PROVIDENCE, R.I. (WPRI) — As cases of the novel coronavirus continue to rise, Rhode Island’s top hospital groups are currently in conversations to begin their own testing for COVID-19, a practice that’s currently limited to state laboratories.

Lifespan and Care New England did not provide a timeline for when this might happen, but Care New England tells Eyewitness News they plan to open two drive-through screening tents, one at Kent Hospital in Warwick and another near the Department of Health in Providence.

Lifespan’s chief of emergency medicine, Dr. Jeremiah Schuur, said increased testing is key to determining if there’s community spread.

“All testing is running through the state Department of Health, and there is a limitation on the number of tests available,” Schuur explained. “If there are sick people who come to the emergency department, we can test all of those people. What we haven’t been able to do is have wider testing of people who may have symptoms that possibly could be coronavirus, but aren’t very ill, and so that’s important just to determine if there is spread in the community.”

As of Tuesday afternoon, the R.I. Department of Health had conducted 87 tests: 58 were negative, 24 were pending and 5 were presumptive positive.

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“For us to get to know if there’s transmission in the community, we have to do a much higher number of tests like what’s happening in other countries or the state of Washington,” Schuur added.

He said Gov. Gina Raimondo’s declaration of a state of emergency will open the state up to more funding and greater access to tests.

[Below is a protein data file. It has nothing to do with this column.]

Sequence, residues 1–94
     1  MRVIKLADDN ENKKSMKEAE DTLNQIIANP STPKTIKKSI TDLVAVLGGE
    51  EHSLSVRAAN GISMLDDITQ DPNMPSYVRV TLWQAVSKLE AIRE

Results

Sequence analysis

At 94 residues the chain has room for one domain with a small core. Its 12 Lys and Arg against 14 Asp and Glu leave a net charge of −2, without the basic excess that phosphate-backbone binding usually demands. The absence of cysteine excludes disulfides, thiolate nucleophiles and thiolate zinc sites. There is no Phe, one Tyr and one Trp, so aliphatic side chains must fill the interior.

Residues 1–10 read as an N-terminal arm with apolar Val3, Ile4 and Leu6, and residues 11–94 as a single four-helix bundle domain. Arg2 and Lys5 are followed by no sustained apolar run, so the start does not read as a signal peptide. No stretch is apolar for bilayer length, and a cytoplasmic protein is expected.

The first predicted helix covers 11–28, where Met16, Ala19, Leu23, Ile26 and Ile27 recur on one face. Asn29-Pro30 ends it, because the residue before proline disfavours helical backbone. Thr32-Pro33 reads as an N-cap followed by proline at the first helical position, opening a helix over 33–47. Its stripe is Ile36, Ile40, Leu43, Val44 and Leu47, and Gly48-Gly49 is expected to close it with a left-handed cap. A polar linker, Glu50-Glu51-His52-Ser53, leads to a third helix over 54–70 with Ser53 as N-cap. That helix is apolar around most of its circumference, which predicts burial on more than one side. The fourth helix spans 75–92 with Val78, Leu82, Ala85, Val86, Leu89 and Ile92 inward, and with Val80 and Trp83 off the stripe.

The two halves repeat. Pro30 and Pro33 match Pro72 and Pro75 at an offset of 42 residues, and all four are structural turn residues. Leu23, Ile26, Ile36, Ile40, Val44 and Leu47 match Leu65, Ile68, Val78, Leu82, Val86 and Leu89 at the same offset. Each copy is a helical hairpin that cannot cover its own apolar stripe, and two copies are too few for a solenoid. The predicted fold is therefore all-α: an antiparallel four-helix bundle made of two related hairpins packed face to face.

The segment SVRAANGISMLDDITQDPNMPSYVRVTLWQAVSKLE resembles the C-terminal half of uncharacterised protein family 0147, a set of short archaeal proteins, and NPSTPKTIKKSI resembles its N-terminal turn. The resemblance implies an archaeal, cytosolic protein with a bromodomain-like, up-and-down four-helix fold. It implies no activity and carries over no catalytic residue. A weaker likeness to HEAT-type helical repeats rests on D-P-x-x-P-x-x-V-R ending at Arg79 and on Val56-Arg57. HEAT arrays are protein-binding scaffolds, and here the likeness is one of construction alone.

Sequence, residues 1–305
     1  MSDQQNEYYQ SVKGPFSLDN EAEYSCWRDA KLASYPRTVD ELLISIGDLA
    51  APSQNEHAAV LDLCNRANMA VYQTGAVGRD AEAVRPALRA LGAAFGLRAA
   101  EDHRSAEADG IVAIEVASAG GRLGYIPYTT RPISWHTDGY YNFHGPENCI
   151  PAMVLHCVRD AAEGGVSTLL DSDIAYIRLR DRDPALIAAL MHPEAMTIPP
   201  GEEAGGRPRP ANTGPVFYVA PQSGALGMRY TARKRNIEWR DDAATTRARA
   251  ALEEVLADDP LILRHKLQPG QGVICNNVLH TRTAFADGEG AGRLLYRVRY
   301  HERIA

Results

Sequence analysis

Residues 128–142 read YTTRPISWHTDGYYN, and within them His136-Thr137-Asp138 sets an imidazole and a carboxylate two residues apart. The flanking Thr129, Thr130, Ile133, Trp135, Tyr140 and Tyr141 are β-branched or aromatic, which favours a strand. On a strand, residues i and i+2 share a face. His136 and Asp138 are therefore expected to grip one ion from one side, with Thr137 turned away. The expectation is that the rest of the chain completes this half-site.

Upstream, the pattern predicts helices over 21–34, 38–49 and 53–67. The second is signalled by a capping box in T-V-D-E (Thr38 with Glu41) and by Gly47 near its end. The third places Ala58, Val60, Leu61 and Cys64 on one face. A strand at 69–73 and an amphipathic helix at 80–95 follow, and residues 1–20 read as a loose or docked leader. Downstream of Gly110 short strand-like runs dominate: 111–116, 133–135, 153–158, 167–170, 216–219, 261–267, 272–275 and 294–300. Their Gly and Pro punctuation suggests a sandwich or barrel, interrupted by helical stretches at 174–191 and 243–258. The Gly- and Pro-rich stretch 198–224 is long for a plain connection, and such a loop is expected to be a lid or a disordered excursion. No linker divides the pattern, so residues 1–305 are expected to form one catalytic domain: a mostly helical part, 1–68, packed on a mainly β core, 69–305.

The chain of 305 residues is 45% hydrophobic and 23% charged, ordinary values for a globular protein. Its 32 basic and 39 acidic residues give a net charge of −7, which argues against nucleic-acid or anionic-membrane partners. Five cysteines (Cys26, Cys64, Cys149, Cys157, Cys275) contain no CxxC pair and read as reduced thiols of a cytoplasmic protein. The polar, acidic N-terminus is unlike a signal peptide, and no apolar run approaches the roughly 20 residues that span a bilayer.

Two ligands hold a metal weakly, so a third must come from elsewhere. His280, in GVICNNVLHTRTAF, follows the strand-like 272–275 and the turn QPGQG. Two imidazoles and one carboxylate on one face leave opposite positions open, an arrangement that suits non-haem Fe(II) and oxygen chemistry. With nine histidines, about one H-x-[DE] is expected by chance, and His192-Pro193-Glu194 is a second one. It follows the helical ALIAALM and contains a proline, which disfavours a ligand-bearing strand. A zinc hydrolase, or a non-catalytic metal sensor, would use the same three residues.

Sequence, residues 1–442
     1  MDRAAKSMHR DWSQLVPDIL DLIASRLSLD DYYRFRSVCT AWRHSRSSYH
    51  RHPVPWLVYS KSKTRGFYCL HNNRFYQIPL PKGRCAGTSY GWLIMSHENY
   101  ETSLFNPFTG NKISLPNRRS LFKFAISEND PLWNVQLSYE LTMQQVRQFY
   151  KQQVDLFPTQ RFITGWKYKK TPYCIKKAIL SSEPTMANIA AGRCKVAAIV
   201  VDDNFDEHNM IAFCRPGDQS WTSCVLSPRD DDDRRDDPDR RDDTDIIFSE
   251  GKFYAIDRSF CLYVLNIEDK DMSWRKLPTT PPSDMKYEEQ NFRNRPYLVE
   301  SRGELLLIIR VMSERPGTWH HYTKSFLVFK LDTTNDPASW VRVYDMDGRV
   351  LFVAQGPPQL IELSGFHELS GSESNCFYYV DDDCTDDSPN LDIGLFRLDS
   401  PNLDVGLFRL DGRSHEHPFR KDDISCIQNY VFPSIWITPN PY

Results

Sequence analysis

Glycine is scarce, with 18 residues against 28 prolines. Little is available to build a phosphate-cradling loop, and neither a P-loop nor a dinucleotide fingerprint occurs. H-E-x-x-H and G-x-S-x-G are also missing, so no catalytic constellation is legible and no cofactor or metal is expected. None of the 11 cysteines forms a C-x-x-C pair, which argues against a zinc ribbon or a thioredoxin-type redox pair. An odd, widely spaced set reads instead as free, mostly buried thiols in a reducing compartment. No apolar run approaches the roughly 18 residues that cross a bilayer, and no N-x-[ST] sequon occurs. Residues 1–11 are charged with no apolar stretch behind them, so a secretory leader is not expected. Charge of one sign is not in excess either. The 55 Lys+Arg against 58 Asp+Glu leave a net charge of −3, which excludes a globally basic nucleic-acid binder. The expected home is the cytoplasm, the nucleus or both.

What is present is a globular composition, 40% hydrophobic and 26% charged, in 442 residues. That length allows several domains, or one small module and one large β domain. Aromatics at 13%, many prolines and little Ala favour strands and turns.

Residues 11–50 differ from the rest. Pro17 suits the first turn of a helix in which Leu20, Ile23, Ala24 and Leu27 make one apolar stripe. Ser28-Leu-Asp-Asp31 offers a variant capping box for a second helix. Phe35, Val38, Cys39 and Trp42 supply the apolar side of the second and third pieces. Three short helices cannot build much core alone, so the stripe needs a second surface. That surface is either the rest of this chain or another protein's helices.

“We need much more widespread testing and to tell people rapidly,” he said, noting that the turnaround time for results has already decreased since testing began. “It really makes sense to tell people as quickly as possible that they’re positive or potentially negative so that we can have a sense of what’s spreading in the community.”

Controlling community spread and ensuring health care systems are not overwhelmed is something Schuur said is crucial.

“You can think about a rapid increase and then a decrease, and if we have that very rapid increase then it risks having a larger number of people get ill enough that they need hospital care, and that’s where the health system could be strained,” he explained.

“If we can just slow transmission so that people may still get infected, but rather than a whole school getting infected, a whole workplace getting infected, then we can limit the rate at which patients need to get advanced hospital care and not overwhelm our system,” he added.

Schuur likened social distancing to lining up multiple matches and lighting one on fire: all of the matches will catch until one is removed. Not only is that match protected, but the others down the line aren’t burned, either.

Unlike the flu, which vulnerable populations like the elderly and health care workers can be vaccinated against, coronavirus has no vaccine, is new and unpredictable, Schuur said. He presumes the virus is spreading.

“I think we have to presume that there are [additional cases] because everywhere else, countries like ours other parts pf this country, the more we look the more we find,” he said.

It’s important not to panic, Schuur said, but he does encourage good hand-washing, personal distancing and staying home if you’re sick.

Alexandra Leslie contributed to this report.